Subst Abus. 2021 Jul 20:1-8. doi: 10.1080/08897077.2021.1949777. Online ahead of print.

ABSTRACT

BACKGROUND: Despite understanding the long-term risks associated with early substance use, less is known about the specific patterns of the age of onset (AO) across multiple substances and whether these patterns of early exposure are linked to substance use later in young adulthood. Consequently, the present study sought to (1) identify distinct classes regarding AO for alcohol, cannabis, and tobacco and (2) compare these classes on patterns of individual and simultaneous alcohol, cannabis, and tobacco use, other substance use, and mental health symptoms.

METHODS: Participants were 510 emerging adults (Mage = 21.35; 88.6% men) who reported past-year use of alcohol, cannabis, and tobacco.

RESULTS: Latent profile analysis was used to identify classes based on three indicators: AO for alcohol, cannabis, and tobacco. Results revealed that four classes best fit the data: Earliest AO for Alcohol (19.8%); Latest AO for Substances (6.5%); Late AO for Substances (67.8%); Earliest AO for Cannabis and Tobacco (5.9%). Classes varied on current patterns of individual substance use, co-use of substances, other illicit drug use, and mental health symptomology. The Latest AO of Substances class reported the lowest alcohol use, cannabis use, other illicit drug use, and mental health symptomology than the other classes. The Earliest AO for Alcohol and the Late AO of Substances reported a lower frequency of tobacco compared to the other classes. The Late AO of Substance class reported the highest past-year frequency of simultaneous alcohol and cannabis use.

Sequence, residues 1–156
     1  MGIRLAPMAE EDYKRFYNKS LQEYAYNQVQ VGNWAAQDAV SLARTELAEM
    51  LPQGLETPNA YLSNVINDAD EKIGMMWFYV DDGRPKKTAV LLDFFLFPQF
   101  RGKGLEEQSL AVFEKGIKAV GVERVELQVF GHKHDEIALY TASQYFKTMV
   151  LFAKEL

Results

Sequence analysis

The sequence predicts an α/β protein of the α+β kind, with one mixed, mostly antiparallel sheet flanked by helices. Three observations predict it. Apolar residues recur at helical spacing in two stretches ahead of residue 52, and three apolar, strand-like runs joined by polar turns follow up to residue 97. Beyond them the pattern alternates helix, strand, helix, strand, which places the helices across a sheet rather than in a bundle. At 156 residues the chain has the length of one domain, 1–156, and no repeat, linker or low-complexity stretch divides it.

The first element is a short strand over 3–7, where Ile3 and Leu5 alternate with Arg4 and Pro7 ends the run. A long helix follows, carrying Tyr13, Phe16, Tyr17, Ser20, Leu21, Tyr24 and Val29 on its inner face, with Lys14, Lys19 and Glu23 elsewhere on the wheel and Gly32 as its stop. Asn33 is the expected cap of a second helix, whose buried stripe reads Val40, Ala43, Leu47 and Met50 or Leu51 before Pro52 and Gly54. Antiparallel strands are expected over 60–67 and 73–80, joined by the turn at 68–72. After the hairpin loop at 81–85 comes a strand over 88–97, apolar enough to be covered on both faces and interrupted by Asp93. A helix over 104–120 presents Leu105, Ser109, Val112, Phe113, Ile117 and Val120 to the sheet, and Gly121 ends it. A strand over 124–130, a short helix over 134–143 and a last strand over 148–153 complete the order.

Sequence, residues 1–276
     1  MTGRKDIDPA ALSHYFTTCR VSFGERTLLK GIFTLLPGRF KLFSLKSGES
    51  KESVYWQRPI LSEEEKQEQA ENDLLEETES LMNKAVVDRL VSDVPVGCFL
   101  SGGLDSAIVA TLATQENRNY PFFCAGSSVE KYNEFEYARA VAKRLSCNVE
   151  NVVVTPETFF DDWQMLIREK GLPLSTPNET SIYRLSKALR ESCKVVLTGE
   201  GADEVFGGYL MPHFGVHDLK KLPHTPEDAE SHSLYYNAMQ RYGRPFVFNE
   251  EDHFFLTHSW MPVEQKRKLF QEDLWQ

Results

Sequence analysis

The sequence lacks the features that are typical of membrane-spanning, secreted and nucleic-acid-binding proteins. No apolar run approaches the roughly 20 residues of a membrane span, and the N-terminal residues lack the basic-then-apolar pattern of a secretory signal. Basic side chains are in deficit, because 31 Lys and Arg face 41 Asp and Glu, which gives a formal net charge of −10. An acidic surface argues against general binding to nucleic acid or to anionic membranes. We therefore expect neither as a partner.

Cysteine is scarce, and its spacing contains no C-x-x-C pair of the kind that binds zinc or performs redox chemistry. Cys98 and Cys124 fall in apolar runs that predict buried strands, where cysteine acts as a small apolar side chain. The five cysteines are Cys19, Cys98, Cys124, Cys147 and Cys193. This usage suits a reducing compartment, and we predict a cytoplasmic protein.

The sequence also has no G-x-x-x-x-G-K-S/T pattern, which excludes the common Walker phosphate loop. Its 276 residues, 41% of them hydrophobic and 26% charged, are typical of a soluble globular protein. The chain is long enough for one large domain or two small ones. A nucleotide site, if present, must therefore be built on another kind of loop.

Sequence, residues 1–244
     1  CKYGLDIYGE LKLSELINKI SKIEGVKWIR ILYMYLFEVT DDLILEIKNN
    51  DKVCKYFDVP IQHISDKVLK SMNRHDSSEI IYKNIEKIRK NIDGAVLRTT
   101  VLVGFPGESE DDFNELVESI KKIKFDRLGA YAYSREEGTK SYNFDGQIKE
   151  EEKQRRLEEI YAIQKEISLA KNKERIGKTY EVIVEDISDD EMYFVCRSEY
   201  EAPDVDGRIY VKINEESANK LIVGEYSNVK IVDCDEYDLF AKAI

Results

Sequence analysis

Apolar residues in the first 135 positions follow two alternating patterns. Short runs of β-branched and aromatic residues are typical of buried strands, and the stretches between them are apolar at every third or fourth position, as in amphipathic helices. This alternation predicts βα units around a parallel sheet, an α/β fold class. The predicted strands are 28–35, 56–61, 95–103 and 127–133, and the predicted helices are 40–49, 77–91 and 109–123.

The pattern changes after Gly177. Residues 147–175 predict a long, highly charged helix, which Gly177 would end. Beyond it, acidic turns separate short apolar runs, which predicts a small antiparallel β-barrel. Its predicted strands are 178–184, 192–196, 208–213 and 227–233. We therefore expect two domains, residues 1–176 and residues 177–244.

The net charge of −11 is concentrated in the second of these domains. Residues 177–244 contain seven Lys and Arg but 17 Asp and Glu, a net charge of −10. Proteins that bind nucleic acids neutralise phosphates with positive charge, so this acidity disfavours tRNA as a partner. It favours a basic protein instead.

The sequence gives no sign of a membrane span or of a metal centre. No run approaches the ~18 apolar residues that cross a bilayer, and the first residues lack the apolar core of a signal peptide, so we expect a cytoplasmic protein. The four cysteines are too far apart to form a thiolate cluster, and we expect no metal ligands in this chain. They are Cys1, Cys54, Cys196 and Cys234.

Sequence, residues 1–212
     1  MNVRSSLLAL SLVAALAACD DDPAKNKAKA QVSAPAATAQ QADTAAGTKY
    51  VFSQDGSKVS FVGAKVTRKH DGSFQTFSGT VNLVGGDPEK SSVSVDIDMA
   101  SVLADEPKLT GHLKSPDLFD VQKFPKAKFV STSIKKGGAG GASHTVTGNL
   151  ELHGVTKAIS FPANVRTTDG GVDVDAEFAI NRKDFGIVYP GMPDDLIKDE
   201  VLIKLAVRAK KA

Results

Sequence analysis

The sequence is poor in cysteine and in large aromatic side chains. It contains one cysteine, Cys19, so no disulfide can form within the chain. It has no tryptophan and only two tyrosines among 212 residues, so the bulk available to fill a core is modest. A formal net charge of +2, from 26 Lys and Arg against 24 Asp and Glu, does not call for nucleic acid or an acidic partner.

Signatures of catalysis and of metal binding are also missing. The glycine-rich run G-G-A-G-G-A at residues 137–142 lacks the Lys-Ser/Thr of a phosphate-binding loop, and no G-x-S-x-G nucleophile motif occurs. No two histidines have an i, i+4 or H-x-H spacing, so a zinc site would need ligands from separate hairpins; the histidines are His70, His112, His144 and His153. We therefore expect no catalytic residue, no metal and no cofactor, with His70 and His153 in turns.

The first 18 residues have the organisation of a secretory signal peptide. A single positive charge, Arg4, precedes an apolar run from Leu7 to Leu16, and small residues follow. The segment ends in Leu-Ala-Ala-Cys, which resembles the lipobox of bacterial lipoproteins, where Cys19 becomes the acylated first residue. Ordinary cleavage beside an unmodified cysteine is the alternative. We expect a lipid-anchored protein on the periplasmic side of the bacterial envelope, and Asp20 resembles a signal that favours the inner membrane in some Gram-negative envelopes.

CONCLUSIONS: The current study contributed to the larger polysubstance literature by identifying profiles that may signify risky patterns of use. Findings may help guide prevention and intervention work with adolescents and young adults.

PMID:34283703 | DOI:10.1080/08897077.2021.1949777


Source: ncbi 2

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